It is difficult to assess the extent of the divide between today’s youngsters and the generation that preceded them. Often votes are a good indication of political and policy preferences, but the post-conflict generation is only just coming of age. Surveys too can help, but ultimately we are left to some speculation.
Recent surveys in Rwanda show that both the young and old continue to place a high value on national security. Overall, 44% of Rwandans said that “strong defence forces” should be the top national priority, with a similar percentage across all age groups, according to the World Values Survey. In the U.S., by contrast, while 38% of all Americans surveyed believe strong defence forces is the most important national priority, only 20% of those under 30 list national defence as the top priority. The vastly different security challenges facing each country have surely shaped these preferences.
In Rwanda, an extraordinarily large percentage of people not only support strong defence forces as the top national priority but would also contribute to this goal – 95% of all Rwandans and 96% of 15-29 year-olds surveyed said they would be willing to fight for their country. In the U.S., only 41% of 15-29 year-olds were willing to do so. 91% of Rwandans also expressed a preference for greater respect for authority in the country. All this suggests that so far, there is little evidence of a generational difference in security preferences. Nevertheless, it is important to keep in mind that most of the peacetime generation is still too young to be included in any survey. We are likely still observing the preferences of an adult population for whom the remnants of conflict may still be too fresh, and continued violence in eastern Congo too close.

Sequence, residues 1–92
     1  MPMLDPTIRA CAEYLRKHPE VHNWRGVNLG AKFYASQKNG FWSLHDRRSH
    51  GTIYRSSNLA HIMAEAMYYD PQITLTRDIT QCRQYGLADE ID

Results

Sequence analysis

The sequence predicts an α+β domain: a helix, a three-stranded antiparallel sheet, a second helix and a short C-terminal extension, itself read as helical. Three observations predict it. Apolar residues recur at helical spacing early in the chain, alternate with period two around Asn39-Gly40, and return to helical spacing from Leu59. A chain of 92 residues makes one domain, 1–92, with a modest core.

In Uganda, evidence is mixed regarding whether the old and young have different preferences when it comes to national priorities, but there appear to be greater differences than in Rwanda. There are obviously serious economic challenges facing Ugandans, which may trump security concerns for the ordinary citizen — 64% of 18-29 year-olds were unemployed in 2008, according to an Afrobarometer survey. For most Ugandans, “improving economic conditions for the poor” is the most important national priority. Only 17% of 18-29 year olds listed maintaining order in the nation as the highest priority. Interestingly, young people expressed greater fear of political intimidation or violence than the very old in Uganda – 36% of young people said they had “a lot” of fear of political violence. And worryingly, the majority of Ugandans believe political competition often or always leads to conflict.
Uganda and Rwanda are both societies in transition — transition away from conflict, transition toward greater political participation, transition out of poverty. How today’s children will view the behaviour and policies of leaders whose life experiences are increasingly distant from their own is yet to be seen. It may be too soon to detect generational differences in any scientific way, but ready or not, the youth bulge is coming into its own. Young people already make up the lion’s share of the population in the region. In just a few years they will be the king and queen-makers, or breakers. Watch this space.